Patent Statistics

Patent StatisticsIn this article, we share helpful patent statistics from The US Patent Office. The US Patent Office was officially established in 1790, by Article One: Section Eight of the US Constitution. The Establishment of the USPTO was to “promote the progress of science and useful arts, by securing limited times to authors and inventors, the exclusive rights to their respective writings and discoveries.”

On April 10th, 1790, George Washington signed the first Patent Act of The United States into law. The first patent was issued to Samuel Hopkins on July 31st, 1790, for a process of making “potash” which is an ingredient used in fertilizer. Patents of the time were signed off by both the President and the Secretary of State. Soon that proved impractical and the job was assigned to the clerks in the US Department of State. Dr. William Thornton was assigned the job of first clerk of the Department of State in 1802 and given sole responsibility over patent applications on June 1st of 1802, which in effect opened the first US Patent Office. Trademark registration was added to the functions of the USPO in 1881. Now the USPTO has a campus comprised of five main buildings.

Since that time, over 6.3 million patents have been issued and the patent office receives more than 326k patent applications per year. There are over 300 Intellectual Property and patent offices worldwide which WIPO is attempting to organize. Statistics show that over 2 million patent applications were filed worldwide in 2011; that was the largest increase in patent history, showing a 7.8% increase over 2010.

Of the 503,582 patent filings in the US in 2011, roughly 50% were granted. The USPTO has been working with a backlog which holds up the patent process resulting in nearly three years of wait time between filing and the end of pending status. In 2012, the USPTO reduced their backlog from 750K in 2009 to just over 603K which means the office has increased efficiency since the Leahy-Smith America Invents Act (AIA) was signed into law. The AIA represents the most significant change to patent law since 1836, according to David J. Kappos, the Director of the USPTO. The AIA switches the US patent system from “first to invent” to “first inventor to file”, eliminates interference proceedings and develops post grant opposition. AIA was signed into law on September 16, 2011 by President Barack Obama; its central provisions will go into effect on March 16th, 2013.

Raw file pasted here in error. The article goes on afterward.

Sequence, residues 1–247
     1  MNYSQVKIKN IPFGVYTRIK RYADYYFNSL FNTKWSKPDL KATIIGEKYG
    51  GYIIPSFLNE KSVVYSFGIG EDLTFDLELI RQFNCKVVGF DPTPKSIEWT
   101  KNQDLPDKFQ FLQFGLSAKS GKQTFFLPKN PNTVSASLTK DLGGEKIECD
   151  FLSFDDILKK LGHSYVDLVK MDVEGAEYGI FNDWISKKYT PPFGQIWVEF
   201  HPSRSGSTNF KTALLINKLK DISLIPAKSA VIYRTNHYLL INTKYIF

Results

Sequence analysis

Whenever an application fails the USPTO it is generally because those filing the application failed to meet one or more of the three main criteria; the most often being whether the invention is obvious. In other words, inventions must be novel or unique from any other, so a can opener is a can opener, unless it is an electric one, or it fits in a pocket, or folds in half. The second criterion is if the invention is obvious based on whatever is already in use. For instance, a motorized bike has already been invented and patented, but if a new design makes it more efficient then the new design may be patented, so long as it is not the obvious result of technology that already exists. Finally, the invention must be useful.

The USPTO has grown from one clerk to over 11,000 employees in 2012. To put that into perspective, we have an elected congress of 435 State Representatives and 100 Senators; the PTO has over 14 times as many employees working as patent examiners. Patent examiners are generally recruited from universities around the country, while trademark examiners must be licensed attorneys. The USPTO is a forerunner of telework with over 7300 employees working from home at least one day per week in the 2012 fiscal year.

Intellectual Ventures holds the most US patents. Intellectual Ventures, a private company with a focus of developing a large patent portfolio, and the licensing those patents to other companies. Their estimated patent portfolio was 15k-20k in 2011, and has been growing with patent deals made this year.

IBM has the distinction of being the corporation awarded the most patents since 1997. The last statistics available from the USPTO showed that IBM still held the number one position in 2010, but that office no longer issues a top ten list.

Of all available data, Kia Silverbrook has received the most patents from the USPTO for utility patents (new inventions) every year since 2007. Kia Silverbrook is from Australia, and considers himself a “serial entrepreneur” having founded companies and developed products in a wide range of areas. Kia Silverbrook is also the most prolific inventor of all time, with a total of 4508 granted US patents as of October 2012. He has 9740 patents or patent applications registered nationally.

According to a report from the USPTO, 97.1% of patents are now filed electronically; up from 71.7% in 2008. The USPTO goal of clearing the oldest patent applications first (COPA) achieved a 99% success rate, with only 32,365 of the original “Tail” or backlogged cases remaining to be worked. The new First Action Interview Pilot Program allows participants to conduct an interview with the examiner as soon as the prior art search has been conducted. This program has resulted in greater efficiency by increasing the ability to prosecute an application; enhancing interaction between the applicant and the examiner, and the resolution of patentability issues through a one-on-one with the examiner.

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